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You sim­ply record your sub­ject in front of a sol­id green or blue screen, and then add a touch of soft­ware mag­ic to change the back­ground. (Image: New York Times)

No mat­ter what you call it — chro­ma key, green screen or blue screen — it’s the film and video tech­nique that gives your local TV weath­er­per­son some­thing in com­mon with the “Avengers” movies: arti­fi­cial back­grounds insert­ed behind the action. You sim­ply record your sub­ject in front of a sol­id green or blue screen, and then add a touch of soft­ware mag­ic to change the back­ground.

Dozens of free or inex­pen­sive apps allow you to use the tech­nique on your own clips. It’s a great way to jazz up your pre­sen­ta­tions and oth­er videos — or to keep chil­dren busy with a week­end project film­ing their own toys in action scenes. Here’s how to get start­ed.

Step 1: Set Up Your Studio

First, you need a big piece of sol­id green or blue cloth or paper to use as a back­ground when record­ing. You’ll also need a place to hang it and strong light­ing aimed at the screen to keep shad­ows and fab­ric wrin­kles from show­ing up as blotch­es in your video.

You can get a few yards of cloth at a fab­ric store for less than $20, or buy a pro­fes­sion­al chro­ma-key back­drop, start­ing around $30, at a spe­cial­i­ty store like B&H Pho­to Video. If you have a major project, you can also find com­plete green-screen stu­dio kits (includ­ing the back­drop, a frame to hang it on and stu­dio lights) for less than $100 on Ama­zon and oth­er sites.

Chro­ma key typ­i­cal­ly uses green or blue back­grounds because those hues are fur­thest from human skin tones, mak­ing sure that the soft­ware doesn’t mis­take a human for the back­ground. But make sure your sub­ject isn’t wear­ing clothes in the same back­drop colour, because oth­er­wise the clothes will dis­ap­pear and become part of the back­ground in the final video.

Step 2: Get Your Software

If you plan to do all your record­ing and edit­ing work on your phone or tablet, pop into your app store and search for a “green screen” or “chro­ma key” app that suits your tastes and bud­get. Android Film FX’s Green Screen Video app ($2) and Do Ink’s Green Screen for iOS ($3) are two inex­pen­sive options. Kine­Mas­ter for Android and iOS ($5 a month for the full ver­sion) can make green-screen videos and do all sorts of oth­er moviemak­ing tasks.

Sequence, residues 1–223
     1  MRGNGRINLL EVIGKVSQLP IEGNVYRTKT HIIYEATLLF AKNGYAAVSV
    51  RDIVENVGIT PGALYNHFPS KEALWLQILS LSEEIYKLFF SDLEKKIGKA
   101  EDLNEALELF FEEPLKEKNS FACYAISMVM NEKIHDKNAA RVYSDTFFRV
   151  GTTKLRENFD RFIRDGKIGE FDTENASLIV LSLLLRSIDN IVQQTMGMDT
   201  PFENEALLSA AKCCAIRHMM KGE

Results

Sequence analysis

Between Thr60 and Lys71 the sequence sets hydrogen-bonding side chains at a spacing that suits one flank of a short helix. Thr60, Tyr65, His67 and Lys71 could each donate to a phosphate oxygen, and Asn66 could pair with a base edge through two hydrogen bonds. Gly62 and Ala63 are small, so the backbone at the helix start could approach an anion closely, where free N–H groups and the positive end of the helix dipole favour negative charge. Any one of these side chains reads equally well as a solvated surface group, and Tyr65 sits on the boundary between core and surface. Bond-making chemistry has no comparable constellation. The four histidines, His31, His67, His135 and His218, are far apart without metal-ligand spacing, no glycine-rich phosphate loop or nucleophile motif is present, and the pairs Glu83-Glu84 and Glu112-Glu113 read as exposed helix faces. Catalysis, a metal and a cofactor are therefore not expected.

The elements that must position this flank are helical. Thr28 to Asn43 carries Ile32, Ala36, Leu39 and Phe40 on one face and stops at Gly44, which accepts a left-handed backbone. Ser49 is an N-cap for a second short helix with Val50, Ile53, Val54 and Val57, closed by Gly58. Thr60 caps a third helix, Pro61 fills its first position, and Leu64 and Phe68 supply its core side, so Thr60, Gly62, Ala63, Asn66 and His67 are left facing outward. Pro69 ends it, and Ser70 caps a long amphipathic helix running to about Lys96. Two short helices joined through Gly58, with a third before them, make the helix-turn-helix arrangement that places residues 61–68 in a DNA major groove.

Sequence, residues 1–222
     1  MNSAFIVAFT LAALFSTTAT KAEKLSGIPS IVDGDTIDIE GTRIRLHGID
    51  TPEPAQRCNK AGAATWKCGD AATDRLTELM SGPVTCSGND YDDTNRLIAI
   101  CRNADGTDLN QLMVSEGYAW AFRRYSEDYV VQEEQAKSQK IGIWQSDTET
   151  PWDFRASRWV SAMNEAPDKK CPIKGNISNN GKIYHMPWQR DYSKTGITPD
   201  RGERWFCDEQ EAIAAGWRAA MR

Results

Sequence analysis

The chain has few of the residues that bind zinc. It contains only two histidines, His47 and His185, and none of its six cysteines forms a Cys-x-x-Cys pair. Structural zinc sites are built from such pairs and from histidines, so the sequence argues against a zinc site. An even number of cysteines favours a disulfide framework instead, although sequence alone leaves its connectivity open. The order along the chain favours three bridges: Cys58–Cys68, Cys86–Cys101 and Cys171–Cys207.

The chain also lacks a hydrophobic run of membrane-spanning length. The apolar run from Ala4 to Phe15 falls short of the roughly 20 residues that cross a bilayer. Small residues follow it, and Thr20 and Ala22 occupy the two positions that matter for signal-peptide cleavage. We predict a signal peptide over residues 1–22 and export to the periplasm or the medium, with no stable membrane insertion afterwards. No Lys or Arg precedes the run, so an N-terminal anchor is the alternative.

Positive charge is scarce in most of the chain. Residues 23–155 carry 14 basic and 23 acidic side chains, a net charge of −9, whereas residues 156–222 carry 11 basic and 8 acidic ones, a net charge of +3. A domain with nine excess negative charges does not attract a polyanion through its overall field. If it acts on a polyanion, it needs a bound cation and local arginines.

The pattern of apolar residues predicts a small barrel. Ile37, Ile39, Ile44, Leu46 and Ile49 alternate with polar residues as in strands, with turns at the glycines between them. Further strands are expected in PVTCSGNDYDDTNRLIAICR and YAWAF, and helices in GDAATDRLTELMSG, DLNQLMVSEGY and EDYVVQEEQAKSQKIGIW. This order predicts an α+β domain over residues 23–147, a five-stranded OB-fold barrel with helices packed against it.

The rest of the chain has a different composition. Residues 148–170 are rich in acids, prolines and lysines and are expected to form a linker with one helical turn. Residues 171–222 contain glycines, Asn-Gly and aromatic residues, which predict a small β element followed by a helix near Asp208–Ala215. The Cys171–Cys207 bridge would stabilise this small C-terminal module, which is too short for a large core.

Also Read: Apple updates Final Cut Pro X, with sup­port for 360-degree VR video edit­ing

If you pre­fer to import the clips and edit on a desk­top com­put­er, Movavi Video Edi­tor and Won­der­share Filmora9 are both $40, and the indus­try stan­dard, Adobe Pre­miere Pro ($21 a month), can also han­dle green-screen work. All three of those pro­grams work on Win­dows and Mac sys­tems and include a free tri­al peri­od — and they have more fea­tures than most mobile apps with sup­port for more pre­cise edit­ing, spe­cial effects and dif­fer­ent types of media.

On a bud­get? Soft­ware like VSDC Free Video Edi­tor for Win­dows or Apple’s iMovie for macOS is free. (The iMovie for iOS app does not include green- or blue-screen con­trols.)

Step 3: Record the Action

Once you hang your back­drop, make sure it’s as smooth as pos­si­ble. Tape and clips can be used to stretch it tight against a wall or counter. Posi­tion your sub­ject a few feet in front of the screen to avoid shad­ows, and begin record­ing.

You may have to do a few takes to get the action the way you want it, espe­cial­ly when record­ing with unpre­dictable pets. If you want to be in the scene your­self, stick the phone or cam­era on a tri­pod, which also stead­ies the record­ing.

Step 4: Select a New Background

If your app does not offer alter­na­tive back­grounds to use dur­ing your ini­tial record­ing, you can insert a dif­fer­ent scene lat­er. Most pro­grams allow you to choose anoth­er video, a pho­to­graph or an ani­ma­tion to replace the green or blue screen in the back­ground of your first video.

Also Read: One­Plus updates gallery app, brings One­Plus 6 video edit­ing fea­tures to old­er phones

You can also down­load green-screen clips and back­grounds online. Sites like Pex­els, Pix­abay and Vide­vo offer free or inex­pen­sive con­tent if you just want to play around or add unex­pect­ed ele­ments into your video as you edit it togeth­er.

Step 5: Fine-Tune the Scene

Chro­ma key works the same way in most pro­grams, but check your app’s help guide for spe­cif­ic instruc­tions for delet­ing the green or blue back­drop. If you’re using a full video-edit­ing pro­gram (instead of a ded­i­cat­ed green-screen app for quick clips), you typ­i­cal­ly have more con­trol and may even be able to com­pen­sate for uneven light­ing by remov­ing mul­ti­ple shades of colour.

In addi­tion to the chro­ma-key tool, pro­grams like iMovie and VSDC Free Video Edi­tor let you arrange your clips in dif­fer­ent lay­ers on a time­line, trim out the bor­ing parts and add music to your project before you out­put the project and show off your Hol­ly­wood spe­cial-effects skills to the world.

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